Art For Art’s Sake #156: Celebrating George Perez

by Richard Bruton

In the last few weeks, comics have lost two artistic giants of the medium with both Neal Adams and George Perez passing away. Gone but not forgotten, their art will stand the test of time.

Pérez at the 2012 New York Comic Con (Wikicommons)

So, as just our small way of remembering both titans of the medium, we’ll be celebrating both legends of comics in Art For Art’s Sake these next couple of weeks, beginning with George Pérez.

Although we knew it was coming, following the announcement his terminal cancer diagnosis in December 2021, the loss to the comics world of George on 6th May was felt worldwide. There were few of us who’d never seen Perez’s artwork, few of us who adored his artwork and thrilled to his creations throughout his career, predominantly at Marvel and DC Comics.

It was telling that Perez spent his last few months both with his family and friends and also catching up with friends and fans in comics. This was a man who, it was universally accepted, was a true gentleman, a lover of comics before he was a great artist, and a man who always had time for his fans.

He passed away on May 6 2022, according to the message on his Facebook page: “peacefully at home with his wife [Carol] of 490 months and family by his side. He was not in pain and knew he was very, very loved.”

The message continued, ‘We are all very much grieving but, at the same time, we are so incredibly grateful for the joy he brought to our lives. To know George was to love him; and he loved back. Fiercely and with his whole heart. The world is a lot less vibrant today without him in it. He loved all of you. He loved hearing your posts and seeing the drawings you sent and the tributes you made. He was deeply proud to have brought so much joy to so many.’

‘Everyone knows George’s legacy as a creator. His art, characters and stories will be revered for years to come. But, as towering as that legacy is, it pales in comparison to the legacy of the man George was. George’s true legacy is his kindness. It’s the love he had for bringing others joy – and I hope you all carry that with you always.’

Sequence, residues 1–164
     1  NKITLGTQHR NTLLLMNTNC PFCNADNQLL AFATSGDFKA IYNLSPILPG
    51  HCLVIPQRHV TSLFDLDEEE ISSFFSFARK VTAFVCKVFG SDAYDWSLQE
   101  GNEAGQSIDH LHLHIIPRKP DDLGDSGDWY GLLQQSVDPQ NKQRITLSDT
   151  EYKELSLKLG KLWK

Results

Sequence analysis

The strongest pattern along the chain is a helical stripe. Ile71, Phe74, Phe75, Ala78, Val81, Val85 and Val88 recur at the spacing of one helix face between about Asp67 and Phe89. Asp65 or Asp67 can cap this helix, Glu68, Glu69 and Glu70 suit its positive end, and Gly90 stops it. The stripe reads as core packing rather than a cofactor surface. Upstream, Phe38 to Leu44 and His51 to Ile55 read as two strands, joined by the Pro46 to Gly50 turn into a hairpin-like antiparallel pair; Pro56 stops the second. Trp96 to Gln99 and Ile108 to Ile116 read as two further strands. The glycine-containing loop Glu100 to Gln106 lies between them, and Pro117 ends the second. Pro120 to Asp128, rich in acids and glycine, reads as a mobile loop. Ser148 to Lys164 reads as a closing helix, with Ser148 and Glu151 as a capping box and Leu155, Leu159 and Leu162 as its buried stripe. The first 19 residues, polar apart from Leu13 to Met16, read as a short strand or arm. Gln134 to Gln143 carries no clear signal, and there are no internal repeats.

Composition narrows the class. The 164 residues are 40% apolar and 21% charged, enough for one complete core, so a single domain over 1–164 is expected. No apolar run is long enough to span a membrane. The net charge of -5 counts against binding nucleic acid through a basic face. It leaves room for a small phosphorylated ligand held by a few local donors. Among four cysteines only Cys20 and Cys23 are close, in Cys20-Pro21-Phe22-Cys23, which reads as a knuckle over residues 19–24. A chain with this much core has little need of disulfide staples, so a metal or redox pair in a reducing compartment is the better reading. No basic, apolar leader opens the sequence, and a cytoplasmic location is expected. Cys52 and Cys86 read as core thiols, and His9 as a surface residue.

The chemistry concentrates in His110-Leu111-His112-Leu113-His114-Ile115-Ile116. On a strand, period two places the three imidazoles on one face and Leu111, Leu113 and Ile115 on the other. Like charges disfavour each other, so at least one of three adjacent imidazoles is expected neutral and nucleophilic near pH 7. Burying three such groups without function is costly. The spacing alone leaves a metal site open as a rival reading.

Born June 9, 1954 in Puerto Rico, George Pérez’s first comics work came at Marvel in the early ’70s with back-up stories in various titles such as Astonishing Tales and Deadly Hands of Kung-Fu. And it was in Deadly Hands of Kung-Fu where his first co-creation came to life, the Puerto Rican superhero White Tiger, created with Bill Mantlo.

From here, Pérez moved onto his first career-defining series – and it’s indicative of his greatness that there were many career-defining series – working as artist on The Avengers for over 20 issues, starting with issue #141. After more work at Marvel, including the Fantastic Four, Pérez moved to DC and the Justice League of America, followed by another of his major series, New Teen Titans, with writer Marv Wolfman from 1980. Revamped and revolutionised, The New Teen Titans became hugely popular, with Pérez’s artwork a major factor in its success.

Of course, following The New Teen Titans, Perez transformed DC Comics forever with his work, again with Wolfman, on Crisis on Infinite Earths in 1984. More transformative work came with Wonder Woman in 1987, where his reinvention, as first artist and later writer and artist, of the character, taking her back to her roots in Greek mythology, gave us the Wonder Woman that we’ve now known for the past three decades and more, not to mention the foundations of the cinematic Wonder Woman.

And speaking of Perez’s influence on superhero cinema, in 1991 Perez switched back to Marvel and The Infinity Gauntlet, written by Jim Starlin, followed by Peter David’s Hulk: Future Imperfect and the Heroes Return: Avengers relaunch, with Kurt Busiek. And of course, 2003 saw the publication of one of Pérez’s crowning achievements, again with Busiek, Avengers vs. JLA. Indeed, the recent reprinting of that volume, with proceeds going to Hero Initiative, was a fitting and heartfelt tribute to Perez.

Retiring in 2019 due to health reasons, George Pérez’s life in comics has affected and influenced so many, brought joy to so many, including all of us here at Comicon. George’s life and work brought comic fans together and we should never forget that. So thanks George, thank you so much from all of us here at Comicon, and we offer this Art For Art’s Sake as just a small token of our appreciation.

The Avengers #55 page reconfigured from Avengers Finale by George Pérez (inked by Mike Perkins)

Avengers for the first time…

New Teen Titans…

Crisis on Infinite Earths…

Wonder Woman…



Infinity Gauntlet…

A return to The Avengers & Heroes Return…


%d bloggers like this: